Pharmaceutical companies invest millions to convince their government that their drugs will pay off
Hunger for more data and smart IT solutions is becoming more and more obvious in healthcare and pharmacology. Both public institutions and pharmaceutical companies want to know the answer to the basic question – what will pay off? This is good news for Czech data professionals and other IT specialists. The demand for their services in Prague is growing these days.
Pharmaceutical company employee – that is no longer just a chemist threading his way around the laboratory. Using data is becoming more and more important for pharmaceutical companies. One reason is the requirements of public institutions which require detailed drug efficiency analysis when setting its price and cover. That is one of the topics the Prague MSD IT Centre will look into. Comparing efficiency, not only of individual drugs but also in general of different types of treatments.
“We must react to the global demand to increase the efficiency of our solutions which is defined by the limits of healthcare spending,” says John Westby, MSD vice-president and Manager of the MSD Centre. “We believe the IT applications represent a competitive advantage because we think that if are able to put together complex data from different resources we will be able to make faster and better decisions.” When a company comes up with a new drug or when its regulated price or cover from public funds is about to change, the relevant authority requests proof of the drug’s efficiency and economic effectiveness. This happens throughout Europe. “The UK government expects proof that our product really treats the disease and that it has some benefits, including economic ones,” says Westby.
It is similar in the Czech Republic. “The State Institute for Drug Control (the Institute) gathers efficiency data on medicinal preparations in clinical practice mainly from health insurance companies and other companies. Also, cost analysis and budget impacts are mostly submitted by pharmaceutical companies,” says Lucie Šustková, the Institute spokesperson.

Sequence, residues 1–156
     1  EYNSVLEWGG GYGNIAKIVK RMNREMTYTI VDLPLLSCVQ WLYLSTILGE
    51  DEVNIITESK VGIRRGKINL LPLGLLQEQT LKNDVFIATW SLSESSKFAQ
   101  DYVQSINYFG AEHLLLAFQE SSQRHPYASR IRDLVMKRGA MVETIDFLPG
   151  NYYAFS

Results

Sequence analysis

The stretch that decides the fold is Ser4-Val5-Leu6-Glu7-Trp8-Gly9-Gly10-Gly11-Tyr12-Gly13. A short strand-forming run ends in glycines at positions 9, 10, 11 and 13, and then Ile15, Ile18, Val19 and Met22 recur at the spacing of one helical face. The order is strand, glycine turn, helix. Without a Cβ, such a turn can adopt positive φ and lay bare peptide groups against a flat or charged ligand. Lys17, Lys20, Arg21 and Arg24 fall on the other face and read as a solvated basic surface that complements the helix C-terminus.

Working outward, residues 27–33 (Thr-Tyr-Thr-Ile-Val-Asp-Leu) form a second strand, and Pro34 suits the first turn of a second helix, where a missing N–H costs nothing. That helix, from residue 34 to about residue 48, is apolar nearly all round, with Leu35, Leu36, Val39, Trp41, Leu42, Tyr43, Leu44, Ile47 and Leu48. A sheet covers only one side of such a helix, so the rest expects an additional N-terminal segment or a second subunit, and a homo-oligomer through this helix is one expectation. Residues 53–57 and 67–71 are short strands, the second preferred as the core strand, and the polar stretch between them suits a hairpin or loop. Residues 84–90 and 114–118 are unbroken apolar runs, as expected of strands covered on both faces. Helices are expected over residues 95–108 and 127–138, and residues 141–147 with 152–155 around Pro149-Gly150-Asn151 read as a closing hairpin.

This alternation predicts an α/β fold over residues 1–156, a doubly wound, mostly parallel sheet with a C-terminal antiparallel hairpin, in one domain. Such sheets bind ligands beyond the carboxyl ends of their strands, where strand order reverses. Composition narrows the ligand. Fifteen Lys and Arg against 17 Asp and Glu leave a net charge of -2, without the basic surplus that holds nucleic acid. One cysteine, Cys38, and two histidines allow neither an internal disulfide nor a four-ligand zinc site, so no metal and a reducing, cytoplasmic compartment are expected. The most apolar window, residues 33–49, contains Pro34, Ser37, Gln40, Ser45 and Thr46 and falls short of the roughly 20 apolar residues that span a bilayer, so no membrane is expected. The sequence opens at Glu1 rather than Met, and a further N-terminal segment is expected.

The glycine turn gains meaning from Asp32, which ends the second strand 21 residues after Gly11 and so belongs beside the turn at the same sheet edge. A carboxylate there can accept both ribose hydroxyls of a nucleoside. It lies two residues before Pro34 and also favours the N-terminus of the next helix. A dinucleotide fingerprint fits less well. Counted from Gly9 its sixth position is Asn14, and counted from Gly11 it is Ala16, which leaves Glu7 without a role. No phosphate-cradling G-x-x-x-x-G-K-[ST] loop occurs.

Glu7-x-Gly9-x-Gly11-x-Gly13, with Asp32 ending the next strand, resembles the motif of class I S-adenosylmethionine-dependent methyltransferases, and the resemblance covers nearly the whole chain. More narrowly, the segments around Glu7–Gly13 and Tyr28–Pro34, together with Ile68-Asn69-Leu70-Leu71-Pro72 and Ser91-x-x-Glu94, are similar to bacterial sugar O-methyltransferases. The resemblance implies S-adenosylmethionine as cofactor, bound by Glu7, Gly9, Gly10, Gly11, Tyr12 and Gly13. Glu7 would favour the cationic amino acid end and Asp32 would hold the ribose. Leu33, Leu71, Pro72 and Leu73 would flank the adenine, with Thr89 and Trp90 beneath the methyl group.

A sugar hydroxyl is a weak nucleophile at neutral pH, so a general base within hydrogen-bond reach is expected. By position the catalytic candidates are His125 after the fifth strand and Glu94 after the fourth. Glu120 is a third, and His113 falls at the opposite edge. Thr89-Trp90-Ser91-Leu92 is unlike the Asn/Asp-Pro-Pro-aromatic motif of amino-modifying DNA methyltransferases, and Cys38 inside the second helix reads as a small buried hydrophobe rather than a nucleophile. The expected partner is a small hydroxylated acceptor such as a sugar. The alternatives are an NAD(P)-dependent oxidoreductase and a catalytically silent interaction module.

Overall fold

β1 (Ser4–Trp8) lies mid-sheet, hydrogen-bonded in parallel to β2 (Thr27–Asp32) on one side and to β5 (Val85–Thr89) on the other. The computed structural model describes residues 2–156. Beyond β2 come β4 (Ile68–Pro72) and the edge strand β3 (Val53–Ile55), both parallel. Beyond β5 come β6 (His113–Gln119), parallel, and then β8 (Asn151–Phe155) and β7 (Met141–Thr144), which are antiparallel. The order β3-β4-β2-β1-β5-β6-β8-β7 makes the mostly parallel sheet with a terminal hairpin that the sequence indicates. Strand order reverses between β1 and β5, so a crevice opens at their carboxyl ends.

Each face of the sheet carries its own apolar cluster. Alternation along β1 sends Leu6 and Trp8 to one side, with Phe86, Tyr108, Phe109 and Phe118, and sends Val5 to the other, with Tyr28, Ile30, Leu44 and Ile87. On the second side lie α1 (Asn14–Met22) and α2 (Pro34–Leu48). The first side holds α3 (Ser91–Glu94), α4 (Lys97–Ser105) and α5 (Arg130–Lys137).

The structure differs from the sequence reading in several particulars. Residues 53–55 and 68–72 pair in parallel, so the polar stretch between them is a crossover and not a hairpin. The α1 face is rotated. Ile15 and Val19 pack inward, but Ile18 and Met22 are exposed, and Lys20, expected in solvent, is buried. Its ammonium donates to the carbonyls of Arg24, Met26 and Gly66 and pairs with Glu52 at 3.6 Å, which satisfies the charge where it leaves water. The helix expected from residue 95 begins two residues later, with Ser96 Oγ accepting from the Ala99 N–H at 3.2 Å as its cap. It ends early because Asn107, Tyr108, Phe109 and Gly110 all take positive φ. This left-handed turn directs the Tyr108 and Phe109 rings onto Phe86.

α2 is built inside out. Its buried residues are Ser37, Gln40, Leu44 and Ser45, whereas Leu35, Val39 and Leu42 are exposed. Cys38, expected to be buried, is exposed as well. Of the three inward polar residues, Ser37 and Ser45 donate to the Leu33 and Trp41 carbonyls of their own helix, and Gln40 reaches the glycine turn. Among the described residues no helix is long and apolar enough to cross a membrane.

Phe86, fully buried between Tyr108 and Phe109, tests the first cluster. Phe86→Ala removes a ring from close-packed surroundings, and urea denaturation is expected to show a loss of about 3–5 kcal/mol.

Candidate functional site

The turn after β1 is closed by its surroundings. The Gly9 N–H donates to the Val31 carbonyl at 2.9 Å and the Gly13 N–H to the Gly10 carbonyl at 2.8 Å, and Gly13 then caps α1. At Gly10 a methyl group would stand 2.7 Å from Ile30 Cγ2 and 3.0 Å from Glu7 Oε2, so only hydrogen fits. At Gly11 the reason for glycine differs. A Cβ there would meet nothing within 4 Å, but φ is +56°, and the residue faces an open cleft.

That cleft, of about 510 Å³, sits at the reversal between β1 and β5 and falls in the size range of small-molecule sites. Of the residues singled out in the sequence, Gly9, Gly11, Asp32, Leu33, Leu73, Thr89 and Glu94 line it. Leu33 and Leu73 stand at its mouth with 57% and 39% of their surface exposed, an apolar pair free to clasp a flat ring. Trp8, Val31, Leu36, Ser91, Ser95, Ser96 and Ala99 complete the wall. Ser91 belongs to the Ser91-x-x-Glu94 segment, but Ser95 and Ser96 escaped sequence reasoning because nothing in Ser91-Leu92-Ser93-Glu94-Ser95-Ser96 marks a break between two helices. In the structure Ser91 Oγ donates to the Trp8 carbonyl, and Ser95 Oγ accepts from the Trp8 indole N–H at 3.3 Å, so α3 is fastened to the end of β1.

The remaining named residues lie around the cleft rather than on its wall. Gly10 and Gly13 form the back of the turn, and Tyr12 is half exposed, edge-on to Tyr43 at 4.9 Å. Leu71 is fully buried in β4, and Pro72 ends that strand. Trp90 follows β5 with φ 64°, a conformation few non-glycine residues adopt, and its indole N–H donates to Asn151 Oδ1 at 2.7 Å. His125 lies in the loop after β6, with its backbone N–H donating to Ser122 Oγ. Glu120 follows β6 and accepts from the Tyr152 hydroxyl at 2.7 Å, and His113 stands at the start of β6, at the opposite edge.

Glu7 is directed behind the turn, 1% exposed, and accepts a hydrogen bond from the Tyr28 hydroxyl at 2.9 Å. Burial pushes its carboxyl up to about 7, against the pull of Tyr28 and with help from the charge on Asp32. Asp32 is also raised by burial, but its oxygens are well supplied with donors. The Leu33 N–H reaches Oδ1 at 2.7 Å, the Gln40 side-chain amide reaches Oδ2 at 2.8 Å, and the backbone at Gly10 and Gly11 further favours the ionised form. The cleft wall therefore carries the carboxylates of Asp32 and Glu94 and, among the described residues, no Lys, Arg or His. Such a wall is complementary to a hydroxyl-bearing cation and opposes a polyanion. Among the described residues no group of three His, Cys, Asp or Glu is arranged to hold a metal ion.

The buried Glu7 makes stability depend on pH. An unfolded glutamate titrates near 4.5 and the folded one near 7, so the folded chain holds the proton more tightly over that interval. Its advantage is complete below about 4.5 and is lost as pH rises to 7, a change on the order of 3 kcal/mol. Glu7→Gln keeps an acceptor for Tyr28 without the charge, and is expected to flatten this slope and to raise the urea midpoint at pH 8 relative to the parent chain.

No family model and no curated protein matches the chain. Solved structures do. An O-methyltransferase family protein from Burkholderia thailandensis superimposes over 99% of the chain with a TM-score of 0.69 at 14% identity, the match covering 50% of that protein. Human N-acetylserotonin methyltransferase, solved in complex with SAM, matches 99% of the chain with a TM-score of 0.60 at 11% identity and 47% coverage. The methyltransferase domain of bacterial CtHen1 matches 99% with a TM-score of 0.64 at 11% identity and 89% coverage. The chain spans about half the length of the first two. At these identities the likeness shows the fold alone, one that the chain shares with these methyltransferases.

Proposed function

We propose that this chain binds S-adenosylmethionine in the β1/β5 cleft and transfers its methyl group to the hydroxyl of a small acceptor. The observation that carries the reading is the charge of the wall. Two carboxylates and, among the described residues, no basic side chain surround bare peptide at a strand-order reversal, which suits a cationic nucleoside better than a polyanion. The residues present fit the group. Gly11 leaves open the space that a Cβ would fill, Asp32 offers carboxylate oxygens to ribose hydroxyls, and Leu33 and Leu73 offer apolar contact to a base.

The Institute requests efficiency analysis in case the payment from the public health insurance is about to change or in case the company wants to expand the conditions under which the drug is covered.
Pharmaceutical companies have quickly caught on and realised that efficiency analyses are very important. In its IT centre, MSD is going to offer about 500 qualified jobs and will invest one billion Czech crowns in the first three years.
Although public institutions throughout Europe are doing their best, we can say that it is pharmaceutical companies that have the best healthcare analyses. Not only they can better use the data that are readily available, and not just because of their large investments. From the very beginning they have had more information to analyse. Apart from publicly accessible data they have huge amount of their own data from clinical trials. The main challenge is to be able to sift through the data to find the nuggets.
“We have the data from the last 50 years of chemical research and clinical trials. We can combine it with the data on real drug efficiency after their launch, from public registers, from research outside the pharmaceutical industry, and others. For example, in cardiovascular diseases and diabetes research, I could probably provide your government with an undisputable proof that if you invest a little more into diabetes treatment, you can save a lot of money because you won’t have to treat later complications,” states Westby.
According to the economist Tomáš Doležal, there is nothing wrong with having the decisions on prices and covers for drugs based on data from pharmaceutical companies. “There is nothing wrong with the company doing the work for their own money, it would just be wrong to trust the analyses completely,” says Doležal. He says that the control mechanisms the companies have introduced to catch any shifts in analyses are working, here in the Czech Republic as well.
Public authorities would also like to get a better insight into health care, to get relevant data and analyse it. Ladislav Dušek, Head of the Institute of Health Information and Statistics of the Czech Republic criticizes the current state of health care statistics. He is also looking for data specialists, among other things in cooperation with universities. And he promises big change. He plans to reach agreement with healthcare insurance companies to share their data which would fill in holes in the public statistics, as the current data is collected manually and inefficiently.
Anonymous data from the Czech healthcare insurance companies would be crucial for our understanding of the Czech healthcare. However, there is talk in Europe, that pharmaceutical companies should also make their own data from clinical trials accessible. Looking for answers to the question which medical solution is the most effective economically would then be much more simple form independent experts.•
Although public institutions throughout Europe are doing their best, we can say that it is pharmaceutical companies that have the best healthcare analyses.
About author| Adéla Čabanová, firstname.lastname@example.org